A Question of Honor is the fifth book in Charles Todd's wonderful Bess Crawford mystery series.
1918. Bess is a nursing sister in England, doing her part in the First World War. Bess's first duty is to the wounded and her profession, but she can't help but become involved in murder and mystery that cross her path.
In a A Question of Honor, we get travel back to Bess's childhood in India with her father, a regimental leader and mother as well. Many of the children of officers in the Colonel Sahib's regiment were sent back to England for eduction. One of those officers, Wade, was marked a murderer, following the deaths of five people in England after one of his visits back home. He escaped into the wilderness of Afghanistan, but was presumed dead. But while working in a hospital, Bess hears that Wade is still alive - and still serving his country under another name - that of the family he killed. Bess decides she must investigate further......
I love this period series. Todd masterfully brings the settings and time period to life with wonderfully descriptive passages. The sense of honor, duty, loyalty, social mores, skills and conversation all combine to richly recreate this bygone era.
Bess is a wonderful protagonist - intelligent, inquisitive and brave. We get to see more of Bess's parents in this latest book as they too become involved in the search for a murderer. Bess's friend Simon has healed from injuries sustained in a previous book and is also very involved. I'd like to see Todd take their relationship to a different level - beau - instead of friend.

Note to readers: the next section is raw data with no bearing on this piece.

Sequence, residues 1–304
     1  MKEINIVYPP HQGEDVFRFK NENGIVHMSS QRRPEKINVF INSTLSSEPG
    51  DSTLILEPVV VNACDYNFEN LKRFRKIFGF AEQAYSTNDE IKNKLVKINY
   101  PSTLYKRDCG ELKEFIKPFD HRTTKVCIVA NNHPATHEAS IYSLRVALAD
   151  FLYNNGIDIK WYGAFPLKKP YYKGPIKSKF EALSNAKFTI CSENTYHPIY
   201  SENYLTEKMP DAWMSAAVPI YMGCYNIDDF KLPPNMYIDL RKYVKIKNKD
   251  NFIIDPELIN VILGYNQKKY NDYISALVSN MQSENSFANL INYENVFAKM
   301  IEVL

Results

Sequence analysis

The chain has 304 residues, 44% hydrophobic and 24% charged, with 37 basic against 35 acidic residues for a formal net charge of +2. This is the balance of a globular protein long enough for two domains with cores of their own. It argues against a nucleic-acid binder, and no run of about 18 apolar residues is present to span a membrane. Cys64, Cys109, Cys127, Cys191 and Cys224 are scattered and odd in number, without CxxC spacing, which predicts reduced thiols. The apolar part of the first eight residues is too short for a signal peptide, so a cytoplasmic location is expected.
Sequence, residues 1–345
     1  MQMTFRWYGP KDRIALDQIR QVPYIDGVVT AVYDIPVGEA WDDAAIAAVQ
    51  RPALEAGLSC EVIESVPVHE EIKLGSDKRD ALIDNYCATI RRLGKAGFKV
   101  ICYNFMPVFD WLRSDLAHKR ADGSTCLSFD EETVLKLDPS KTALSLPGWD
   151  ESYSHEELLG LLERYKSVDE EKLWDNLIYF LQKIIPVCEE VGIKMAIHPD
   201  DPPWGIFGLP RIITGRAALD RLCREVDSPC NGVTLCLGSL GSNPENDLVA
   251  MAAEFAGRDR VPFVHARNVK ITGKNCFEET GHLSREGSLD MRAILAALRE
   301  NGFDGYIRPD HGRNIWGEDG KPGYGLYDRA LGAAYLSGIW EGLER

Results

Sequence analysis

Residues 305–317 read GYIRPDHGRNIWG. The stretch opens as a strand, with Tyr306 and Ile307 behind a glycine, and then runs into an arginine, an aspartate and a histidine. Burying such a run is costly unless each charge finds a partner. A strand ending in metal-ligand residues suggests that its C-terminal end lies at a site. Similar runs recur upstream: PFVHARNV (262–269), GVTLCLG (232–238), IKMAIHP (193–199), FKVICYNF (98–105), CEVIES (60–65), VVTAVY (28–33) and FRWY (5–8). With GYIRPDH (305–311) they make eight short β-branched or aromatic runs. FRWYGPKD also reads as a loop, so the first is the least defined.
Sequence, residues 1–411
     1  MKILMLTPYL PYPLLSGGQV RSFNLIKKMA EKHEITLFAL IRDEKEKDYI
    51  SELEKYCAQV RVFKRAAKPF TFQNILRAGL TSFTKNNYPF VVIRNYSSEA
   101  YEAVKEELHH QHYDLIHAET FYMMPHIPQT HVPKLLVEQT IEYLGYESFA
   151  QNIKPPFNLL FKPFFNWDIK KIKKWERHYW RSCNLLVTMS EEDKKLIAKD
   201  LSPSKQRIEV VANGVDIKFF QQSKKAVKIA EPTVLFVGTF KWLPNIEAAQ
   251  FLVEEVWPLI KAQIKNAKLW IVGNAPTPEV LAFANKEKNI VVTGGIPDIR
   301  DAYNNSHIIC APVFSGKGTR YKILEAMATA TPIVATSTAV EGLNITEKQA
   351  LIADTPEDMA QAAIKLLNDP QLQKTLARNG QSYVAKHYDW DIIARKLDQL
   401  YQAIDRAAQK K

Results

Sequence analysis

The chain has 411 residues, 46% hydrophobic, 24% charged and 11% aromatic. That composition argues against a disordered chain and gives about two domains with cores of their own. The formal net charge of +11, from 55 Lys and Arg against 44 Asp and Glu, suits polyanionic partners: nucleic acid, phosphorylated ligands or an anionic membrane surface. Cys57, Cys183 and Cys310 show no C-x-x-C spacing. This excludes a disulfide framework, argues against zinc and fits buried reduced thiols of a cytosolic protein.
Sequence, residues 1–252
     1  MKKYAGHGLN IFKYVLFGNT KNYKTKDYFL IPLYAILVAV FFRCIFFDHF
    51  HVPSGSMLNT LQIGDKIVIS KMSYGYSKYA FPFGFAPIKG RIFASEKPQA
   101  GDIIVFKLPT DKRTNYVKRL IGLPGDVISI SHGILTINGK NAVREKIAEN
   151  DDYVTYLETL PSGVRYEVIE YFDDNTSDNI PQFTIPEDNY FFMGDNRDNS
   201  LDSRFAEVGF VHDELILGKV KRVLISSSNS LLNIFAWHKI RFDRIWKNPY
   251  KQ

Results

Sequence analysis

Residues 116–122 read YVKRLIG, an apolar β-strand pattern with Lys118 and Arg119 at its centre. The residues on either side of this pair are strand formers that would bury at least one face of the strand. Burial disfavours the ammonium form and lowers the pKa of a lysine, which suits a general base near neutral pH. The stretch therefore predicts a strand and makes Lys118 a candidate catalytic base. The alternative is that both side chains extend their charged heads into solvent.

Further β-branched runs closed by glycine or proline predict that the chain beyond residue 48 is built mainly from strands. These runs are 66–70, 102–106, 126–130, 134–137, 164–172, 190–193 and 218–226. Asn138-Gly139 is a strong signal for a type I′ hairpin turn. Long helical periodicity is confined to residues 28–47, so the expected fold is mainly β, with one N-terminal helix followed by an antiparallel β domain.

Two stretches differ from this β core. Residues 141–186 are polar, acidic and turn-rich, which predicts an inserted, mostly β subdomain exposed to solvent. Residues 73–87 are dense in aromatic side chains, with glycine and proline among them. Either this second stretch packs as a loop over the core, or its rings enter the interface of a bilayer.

Todd's mysteries are always intelligent with no gore and are presented in a fashion that suits the era represented. It is fun to watch the solution being pieced together without modern methods or tools. Rudyard Kipling makes an appearance and adds to the solving of the mystery as well.
I've chosen to listen to the last few books as I really enjoy the reader - Rosalyn Landor. She has a wonderful British accent and her voice completes the mental image I've conjured up for Bess. She portrays male characters just as well and the listener is easily able to discern who is speaking. Her tone are rich and 'plummy'. She easily captures the and conveys the time periods and social niceties of the tie. For me, this is one of the series I prefer to listen to, but it's just as good in print! Fans of Jacqueline Winspear's Maisie Dobbs series would enjoy Bess. Definitely recommended.
Listen to an excerpt of A Question of Honor. Or read an excerpt of A Question of Honor.